DescriptionNorth Vancouver is a city, and it’s also a district. All visitors really need to know, however, is that this North Shore destination is definitely worth checking out.
Lumbering and shipbuilding were important early on, and by the early 20th century the town across Burrard Inlet from Vancouver had incorporated. Today there are no discernible distinctions among the various municipalities that make up the North Shore. The city of North Vancouver does have its own impressive skyline, easily visible from the downtown Vancouver waterfront, while the district of North Vancouver is a bit of a hodgepodge, with pockets of industry and commercial development mixed in with parks and green spaces. It’s also the location of Grouse Mountain and the Capilano Suspension Bridge Park, two of the North Shore’s most popular tourist attractions.
From Vancouver, take either the Lions Gate Bridge or the Ironworkers Memorial Second Narrows Crossing (Hwy. 1) to North Vancouver. (The bridge’s name honors 27 workers who were killed when several spans collapsed during construction.) But the most scenic approach is aboard TransLink’s SeaBus, with terminals on Vancouver’s downtown waterfront (near Canada Place) and in North Vancouver next to the Lonsdale Quay Market. These 400-passenger catamaran ferries make the one-way trip across Burrard Inlet in about 12 minutes. Ferries depart from the Vancouver waterfront every 15 minutes Mon.-Fri. 6:16 a.m.-7:46 p.m. (then every 30 minutes until 1:22 a.m.); Sat. every 30 minutes 6:16 a.m.-10:16 a.m. and 6:46 p.m.-1:22 a.m. (every 15 minutes 10:16 a.m.-6:46 p.m.); Sun. every 30 minutes 8:16 a.m.-11:16 p.m. Service from Lonsdale Quay to the Vancouver waterfront follows a similar schedule, with last ferries departing Mon.-Sat. at 1 a.m. and Sun at 11:02 p.m. TransLink’s Compass fare system allows passengers to travel freely between buses, the SeaBus and the SkyTrain rapid transit system. For additional schedule and fare information phone (604) 953-3333.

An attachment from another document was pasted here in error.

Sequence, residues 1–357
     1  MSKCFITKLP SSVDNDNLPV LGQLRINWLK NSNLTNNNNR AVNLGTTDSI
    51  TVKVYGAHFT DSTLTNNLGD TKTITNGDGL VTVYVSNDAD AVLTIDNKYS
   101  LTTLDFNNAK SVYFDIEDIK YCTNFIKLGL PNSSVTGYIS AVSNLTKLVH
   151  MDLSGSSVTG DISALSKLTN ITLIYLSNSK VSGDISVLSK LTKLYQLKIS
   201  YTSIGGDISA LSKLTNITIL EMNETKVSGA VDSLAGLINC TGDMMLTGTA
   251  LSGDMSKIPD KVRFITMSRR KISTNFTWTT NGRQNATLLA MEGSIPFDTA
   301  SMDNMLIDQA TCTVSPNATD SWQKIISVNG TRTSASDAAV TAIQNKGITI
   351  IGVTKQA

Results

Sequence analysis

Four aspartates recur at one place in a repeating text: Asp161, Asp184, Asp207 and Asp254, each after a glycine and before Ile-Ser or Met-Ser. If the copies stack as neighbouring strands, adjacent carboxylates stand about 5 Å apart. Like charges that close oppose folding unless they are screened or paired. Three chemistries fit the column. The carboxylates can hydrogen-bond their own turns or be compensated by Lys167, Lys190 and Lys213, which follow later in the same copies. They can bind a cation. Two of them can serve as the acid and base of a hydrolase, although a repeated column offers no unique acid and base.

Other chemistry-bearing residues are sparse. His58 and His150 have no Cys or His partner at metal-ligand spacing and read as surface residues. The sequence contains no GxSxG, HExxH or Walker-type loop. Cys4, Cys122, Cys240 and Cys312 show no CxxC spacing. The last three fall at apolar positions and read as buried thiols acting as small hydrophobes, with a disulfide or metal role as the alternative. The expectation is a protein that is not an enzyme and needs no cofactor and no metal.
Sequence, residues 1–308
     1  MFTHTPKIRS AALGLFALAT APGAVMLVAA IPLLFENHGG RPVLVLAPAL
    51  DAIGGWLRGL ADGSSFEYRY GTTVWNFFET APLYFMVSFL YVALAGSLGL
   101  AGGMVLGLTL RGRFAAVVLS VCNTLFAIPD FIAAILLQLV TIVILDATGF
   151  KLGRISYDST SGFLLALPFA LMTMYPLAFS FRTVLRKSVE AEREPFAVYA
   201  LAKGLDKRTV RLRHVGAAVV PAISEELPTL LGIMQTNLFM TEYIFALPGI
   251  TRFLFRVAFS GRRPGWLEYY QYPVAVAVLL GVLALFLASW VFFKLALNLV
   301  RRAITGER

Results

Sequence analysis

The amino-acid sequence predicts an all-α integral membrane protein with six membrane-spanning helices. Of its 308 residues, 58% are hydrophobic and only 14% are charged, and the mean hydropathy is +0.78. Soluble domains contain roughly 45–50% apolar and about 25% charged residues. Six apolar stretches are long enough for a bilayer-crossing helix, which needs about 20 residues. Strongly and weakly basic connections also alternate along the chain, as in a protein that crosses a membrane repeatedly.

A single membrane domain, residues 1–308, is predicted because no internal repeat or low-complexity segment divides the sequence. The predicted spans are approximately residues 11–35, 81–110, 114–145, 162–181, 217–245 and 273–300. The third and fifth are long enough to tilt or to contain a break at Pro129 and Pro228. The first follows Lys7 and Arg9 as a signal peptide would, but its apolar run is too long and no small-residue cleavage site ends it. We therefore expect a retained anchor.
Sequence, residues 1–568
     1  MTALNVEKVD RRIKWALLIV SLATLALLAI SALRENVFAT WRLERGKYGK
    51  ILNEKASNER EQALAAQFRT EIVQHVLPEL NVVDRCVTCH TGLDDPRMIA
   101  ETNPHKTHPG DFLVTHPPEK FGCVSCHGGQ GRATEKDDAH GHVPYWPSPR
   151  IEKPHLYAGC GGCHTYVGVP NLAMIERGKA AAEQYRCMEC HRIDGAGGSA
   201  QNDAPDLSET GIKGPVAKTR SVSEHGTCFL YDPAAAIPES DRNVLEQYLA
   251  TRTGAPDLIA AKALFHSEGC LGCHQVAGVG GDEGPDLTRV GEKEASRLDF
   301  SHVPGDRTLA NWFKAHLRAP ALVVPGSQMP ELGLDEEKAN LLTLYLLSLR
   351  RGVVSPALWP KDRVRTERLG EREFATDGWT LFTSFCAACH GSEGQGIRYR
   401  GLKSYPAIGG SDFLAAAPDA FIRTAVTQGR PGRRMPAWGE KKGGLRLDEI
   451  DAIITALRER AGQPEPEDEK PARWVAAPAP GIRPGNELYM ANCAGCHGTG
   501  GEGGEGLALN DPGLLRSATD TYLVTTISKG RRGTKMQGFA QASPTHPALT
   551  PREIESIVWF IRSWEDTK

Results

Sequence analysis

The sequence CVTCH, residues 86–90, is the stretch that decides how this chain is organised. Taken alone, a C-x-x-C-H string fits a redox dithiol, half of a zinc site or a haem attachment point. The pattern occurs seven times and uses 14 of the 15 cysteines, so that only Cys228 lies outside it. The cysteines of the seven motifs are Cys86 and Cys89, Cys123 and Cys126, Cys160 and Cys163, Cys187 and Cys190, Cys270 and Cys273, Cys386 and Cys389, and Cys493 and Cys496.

If you arrive via the SeaBus, the first place you must explore is the Lonsdale Quay Market. It’s a classic Vancouver fresh market, open daily 9-7, Sun. 9-6 with an abundance of vendors selling fruit, veggies, flowers, seafood and baked goods, plus yummy soups, sauces and other specialty items. You’ll be hard pressed to decide on something to go from one of the international food bars—the choices are many and tempting, from noodle stir fries to seafood chowder—but once the decision is made, eat outside on the deck so you can watch the ferry boats come and go with downtown Vancouver as a backdrop. A farmers market sets up on the East Plaza at the Quay Saturdays from 10 to 3, early May-late Oct. Organic farmers, bakers, jam and salsa makers and crafters all peddle their wares.
If peace and quiet are what you’re seeking, head to Cates Park. From Vancouver, take the first exit off the Second Narrows bridge, following the signs for Deep Cove; then proceed east on Dollarton Highway about 8 kilometres (5 mi.) to the park entrance (on the right). There are grassy areas, a playground for kids and a pebble-sand beach. Watch the boats heading from Burrard Inlet into Indian Arm, check out the totem pole and indigenous canoe, hike a waterfront trail through stands of Douglas fir and big-leaf maple, or stretch out and take a nap under one of the huge cedar trees near the parking lot.
From Cates Park, get back on Dollarton Highway and continue north a couple of kilometres to the residential community of Deep Cove. The cove in question is a natural indentation of Indian Arm, a fiord-like extension of Burrard Inlet. In the 18th century Northwest tribes traveled up and down Indian Arm hunting and fishing, and lumbering was an important industry in this area in the first half of the 20th century.
What strikes you immediately about Deep Cove is how incredibly picturesque it is. Gallant Avenue is a quaint 2 blocks of eateries (fish and chips followed by a cone from Orca’s Favourite Ice Cream makes a nice lunch combo), a shop or three and the Deep Cove Cultural Centre, which includes the Seymour Art Gallery and the Deep Cove Heritage Society, the Deep Cove Shaw Theatre and the First Impressions Theatre Company; phone (604) 929-3200 or (604) 929-9456. The street ends at nicely landscaped Panorama Park, bright with flower beds in the summer. Walk down the stairs to the beach and then out onto the pier.
Sheltered, serene Deep Cove harbor will take your breath away. Trees frame the cove on both sides. Rising beyond the water to the left are the thickly forested slopes of Mount Seymour Provincial Park. The wooded hillsides to the right are speckled with houses that undoubtedly have views to die for. Across Indian Arm loom the Coast Mountains, dark masses in the distance. Sailboats bob on the cove’s tranquil surface. Kayakers slice through the water. Canoeists paddle gracefully. It’s quite an enchanting vista, one you’ll likely end up gazing out on all afternoon.
Things to SeeCapilano Salmon Hatchery